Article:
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Among In-Situ Stress,
Fractures and Faults, and
Monterey Formation, Santa
Maria Basin, California1
Thomas Finkbeiner, Colleen A.
Barton, and Mark D. Zoback2
We used borehole televiewer
(BHTV) data from four wells within the onshore and offshore Santa Maria
basin, California, to investigate the relationships among fracture distribution,
orientation, and variation with depth and in-situ stress. Our analysis
of stress-induced well-bore breakouts shows a uniform northeast maximum
horizontal stress (SH max)
orientation in each well. This direction is consistent with the SH
direction determined from well-bore breakouts in other wells in this region,
the northwest trend of active fold axes, and kinematic inversion of nearby
earthquake focal plane mechanisms.
In contrast to the uniformity of the stress
field, fracture orientation, dip, and frequency vary considerably from
well to well and within each well. With depth, fractures can be divided
into distinct subsets on the basis of fracture frequency and orientation,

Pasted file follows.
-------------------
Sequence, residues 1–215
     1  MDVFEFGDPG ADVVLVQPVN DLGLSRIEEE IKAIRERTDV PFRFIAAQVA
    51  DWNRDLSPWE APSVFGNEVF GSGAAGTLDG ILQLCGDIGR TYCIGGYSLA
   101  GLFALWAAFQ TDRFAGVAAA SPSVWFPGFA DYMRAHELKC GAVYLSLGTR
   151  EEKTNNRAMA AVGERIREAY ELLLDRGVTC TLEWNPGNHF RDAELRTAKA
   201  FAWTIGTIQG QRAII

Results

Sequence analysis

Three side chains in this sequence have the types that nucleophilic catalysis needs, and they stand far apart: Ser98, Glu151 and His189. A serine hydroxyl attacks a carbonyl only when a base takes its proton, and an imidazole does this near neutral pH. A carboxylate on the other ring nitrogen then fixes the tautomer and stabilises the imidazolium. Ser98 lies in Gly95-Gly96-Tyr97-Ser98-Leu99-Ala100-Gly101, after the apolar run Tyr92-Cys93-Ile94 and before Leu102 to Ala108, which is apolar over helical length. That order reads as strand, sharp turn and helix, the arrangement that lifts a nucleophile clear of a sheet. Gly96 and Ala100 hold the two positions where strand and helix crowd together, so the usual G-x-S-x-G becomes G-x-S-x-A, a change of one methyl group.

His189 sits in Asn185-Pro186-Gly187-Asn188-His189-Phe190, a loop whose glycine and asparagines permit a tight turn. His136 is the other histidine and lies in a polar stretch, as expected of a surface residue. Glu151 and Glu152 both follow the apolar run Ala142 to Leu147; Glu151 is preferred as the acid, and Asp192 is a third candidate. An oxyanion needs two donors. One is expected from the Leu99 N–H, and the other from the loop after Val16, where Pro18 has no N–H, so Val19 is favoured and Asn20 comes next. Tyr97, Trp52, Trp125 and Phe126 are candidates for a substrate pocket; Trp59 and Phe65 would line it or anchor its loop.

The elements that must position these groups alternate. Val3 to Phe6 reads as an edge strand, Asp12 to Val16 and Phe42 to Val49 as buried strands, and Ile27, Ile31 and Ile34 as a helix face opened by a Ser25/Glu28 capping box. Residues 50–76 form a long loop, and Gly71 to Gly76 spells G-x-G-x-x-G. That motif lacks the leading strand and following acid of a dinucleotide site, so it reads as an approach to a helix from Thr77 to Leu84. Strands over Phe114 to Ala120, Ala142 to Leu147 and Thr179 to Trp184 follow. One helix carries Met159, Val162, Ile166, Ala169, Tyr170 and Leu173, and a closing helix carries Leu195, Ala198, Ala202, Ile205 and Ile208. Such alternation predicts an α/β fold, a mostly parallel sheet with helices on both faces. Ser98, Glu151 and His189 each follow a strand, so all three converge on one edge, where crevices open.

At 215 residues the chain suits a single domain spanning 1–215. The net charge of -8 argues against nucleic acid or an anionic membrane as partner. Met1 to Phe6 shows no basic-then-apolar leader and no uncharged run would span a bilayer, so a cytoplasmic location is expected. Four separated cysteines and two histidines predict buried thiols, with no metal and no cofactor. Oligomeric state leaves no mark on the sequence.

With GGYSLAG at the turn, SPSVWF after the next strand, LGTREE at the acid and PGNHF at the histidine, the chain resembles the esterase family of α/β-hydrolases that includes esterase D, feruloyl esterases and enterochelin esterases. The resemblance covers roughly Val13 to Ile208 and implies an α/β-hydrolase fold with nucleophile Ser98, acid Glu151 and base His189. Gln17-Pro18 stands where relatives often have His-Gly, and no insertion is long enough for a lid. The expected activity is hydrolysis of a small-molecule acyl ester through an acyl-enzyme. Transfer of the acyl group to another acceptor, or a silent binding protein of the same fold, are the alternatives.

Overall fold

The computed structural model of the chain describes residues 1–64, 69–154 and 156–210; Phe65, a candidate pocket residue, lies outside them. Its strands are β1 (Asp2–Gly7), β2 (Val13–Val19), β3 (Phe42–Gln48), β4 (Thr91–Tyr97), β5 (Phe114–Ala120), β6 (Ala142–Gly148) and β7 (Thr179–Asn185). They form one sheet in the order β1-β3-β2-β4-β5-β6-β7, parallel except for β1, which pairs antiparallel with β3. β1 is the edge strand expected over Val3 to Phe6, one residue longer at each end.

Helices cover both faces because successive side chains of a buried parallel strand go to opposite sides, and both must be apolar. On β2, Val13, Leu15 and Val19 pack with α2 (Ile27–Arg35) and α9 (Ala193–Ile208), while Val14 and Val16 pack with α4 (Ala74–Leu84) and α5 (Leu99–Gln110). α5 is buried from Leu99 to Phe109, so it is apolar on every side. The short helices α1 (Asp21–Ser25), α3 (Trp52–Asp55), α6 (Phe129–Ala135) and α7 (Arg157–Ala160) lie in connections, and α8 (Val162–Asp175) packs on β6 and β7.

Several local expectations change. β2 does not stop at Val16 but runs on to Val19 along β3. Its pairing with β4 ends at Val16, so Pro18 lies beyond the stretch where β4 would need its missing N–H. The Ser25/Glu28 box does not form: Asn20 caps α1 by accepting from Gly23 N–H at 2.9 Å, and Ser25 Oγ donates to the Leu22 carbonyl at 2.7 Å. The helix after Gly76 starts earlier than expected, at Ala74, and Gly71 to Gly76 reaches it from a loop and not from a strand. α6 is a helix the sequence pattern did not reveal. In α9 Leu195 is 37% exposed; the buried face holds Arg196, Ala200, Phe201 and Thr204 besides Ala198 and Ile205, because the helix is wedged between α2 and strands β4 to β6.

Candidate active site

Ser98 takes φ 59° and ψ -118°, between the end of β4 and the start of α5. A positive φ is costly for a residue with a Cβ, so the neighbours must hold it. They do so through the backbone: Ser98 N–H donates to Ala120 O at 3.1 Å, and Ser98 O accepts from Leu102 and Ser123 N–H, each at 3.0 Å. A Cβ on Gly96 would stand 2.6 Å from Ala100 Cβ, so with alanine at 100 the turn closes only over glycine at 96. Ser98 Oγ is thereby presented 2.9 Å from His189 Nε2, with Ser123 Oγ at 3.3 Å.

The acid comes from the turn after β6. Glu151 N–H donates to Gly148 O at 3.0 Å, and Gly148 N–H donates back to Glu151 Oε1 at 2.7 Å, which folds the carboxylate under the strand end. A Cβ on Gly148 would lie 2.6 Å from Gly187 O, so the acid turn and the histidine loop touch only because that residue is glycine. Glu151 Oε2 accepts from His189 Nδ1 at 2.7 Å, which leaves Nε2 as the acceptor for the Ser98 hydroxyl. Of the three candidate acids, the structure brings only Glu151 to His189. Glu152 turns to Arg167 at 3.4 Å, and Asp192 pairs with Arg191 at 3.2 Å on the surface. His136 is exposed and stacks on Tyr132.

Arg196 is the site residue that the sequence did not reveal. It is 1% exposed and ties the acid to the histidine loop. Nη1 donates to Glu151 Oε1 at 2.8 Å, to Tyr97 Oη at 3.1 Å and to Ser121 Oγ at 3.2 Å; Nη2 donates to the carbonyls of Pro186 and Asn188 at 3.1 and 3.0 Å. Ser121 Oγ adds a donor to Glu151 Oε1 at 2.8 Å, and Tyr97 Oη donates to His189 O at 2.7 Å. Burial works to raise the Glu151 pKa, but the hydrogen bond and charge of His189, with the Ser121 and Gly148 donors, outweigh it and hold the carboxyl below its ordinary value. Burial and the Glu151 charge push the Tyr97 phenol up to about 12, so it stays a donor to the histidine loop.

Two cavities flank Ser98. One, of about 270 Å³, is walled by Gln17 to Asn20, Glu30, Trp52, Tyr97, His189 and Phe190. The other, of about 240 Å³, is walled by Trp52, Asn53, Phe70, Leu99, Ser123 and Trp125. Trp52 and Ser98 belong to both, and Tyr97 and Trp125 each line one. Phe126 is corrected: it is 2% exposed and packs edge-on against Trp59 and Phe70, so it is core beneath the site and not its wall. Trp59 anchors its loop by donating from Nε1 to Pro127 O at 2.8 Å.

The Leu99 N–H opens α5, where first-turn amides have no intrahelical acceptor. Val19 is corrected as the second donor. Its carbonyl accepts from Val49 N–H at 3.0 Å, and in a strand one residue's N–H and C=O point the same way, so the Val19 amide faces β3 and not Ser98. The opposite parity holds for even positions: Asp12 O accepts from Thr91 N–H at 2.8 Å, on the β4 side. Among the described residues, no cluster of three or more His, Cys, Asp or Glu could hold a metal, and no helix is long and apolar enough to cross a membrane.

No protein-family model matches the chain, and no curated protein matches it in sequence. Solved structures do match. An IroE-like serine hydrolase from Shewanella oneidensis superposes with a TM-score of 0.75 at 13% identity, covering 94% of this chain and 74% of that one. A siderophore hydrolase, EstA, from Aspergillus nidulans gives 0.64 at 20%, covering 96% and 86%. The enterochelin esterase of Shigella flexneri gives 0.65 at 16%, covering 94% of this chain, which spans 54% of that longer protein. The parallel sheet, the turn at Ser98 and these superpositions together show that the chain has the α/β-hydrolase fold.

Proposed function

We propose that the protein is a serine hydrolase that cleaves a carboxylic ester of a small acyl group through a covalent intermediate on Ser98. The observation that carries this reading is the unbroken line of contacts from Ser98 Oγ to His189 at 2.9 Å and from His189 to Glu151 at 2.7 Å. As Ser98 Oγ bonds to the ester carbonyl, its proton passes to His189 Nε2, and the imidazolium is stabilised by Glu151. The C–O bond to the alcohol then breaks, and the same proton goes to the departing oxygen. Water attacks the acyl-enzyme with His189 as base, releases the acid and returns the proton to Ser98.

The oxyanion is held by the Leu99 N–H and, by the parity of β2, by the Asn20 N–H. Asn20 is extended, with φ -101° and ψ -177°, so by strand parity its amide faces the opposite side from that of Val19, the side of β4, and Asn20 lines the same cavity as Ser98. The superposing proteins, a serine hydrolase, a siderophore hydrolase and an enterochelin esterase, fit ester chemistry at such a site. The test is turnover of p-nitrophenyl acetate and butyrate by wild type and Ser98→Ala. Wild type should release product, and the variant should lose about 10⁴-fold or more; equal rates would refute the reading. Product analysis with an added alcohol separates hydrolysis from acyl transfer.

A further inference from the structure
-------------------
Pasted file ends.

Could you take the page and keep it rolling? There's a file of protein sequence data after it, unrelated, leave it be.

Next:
which correlate with changes of lithology and physical properties. Although
factors such as tectonic history, diagenesis, and structural variations
obviously have influenced fracture distribution, integration of the in-situ
stress and fracture data sets indicates that many of the fractures, faults,
and bedding planes are active, small-scale strike-slip and reverse faults
in the current northeast-trending transpressive stress field. In fact,
we observed local breakout rotations in the wells, providing kinematic
evidence for recent shear motion along fracture
1997. The American Association of Petroleum Geologists. All rights reserved.
received April 15, 1996; revised manuscript received December 27, 1996;
final acceptance July 15, 1997.
of Geophysics, Stanford University, Stanford, California 94305-2215.
wish to thank Tom Zalan of the Chevron U.S.A. Production Company for providing
the offshore well data, Unocal Corporation for providing the data on the
onshore well, and Marcia McLaren from Pacific Gas and Electric Company
for providing the earthquake focal mechanisms used in the stress inversion
analysis. The data used as background seismicity in Figure 1 were extracted
from the World Wide Web of the Southern California Seismic Network (SCSN)
catalog operated jointly by the Seismological Laboratory at Caltech and
the U.S. Geological Survey, both in Pasadena, California. We appreciate
the comments and helpful discussions from Daniel Moos, Steve Graham, and
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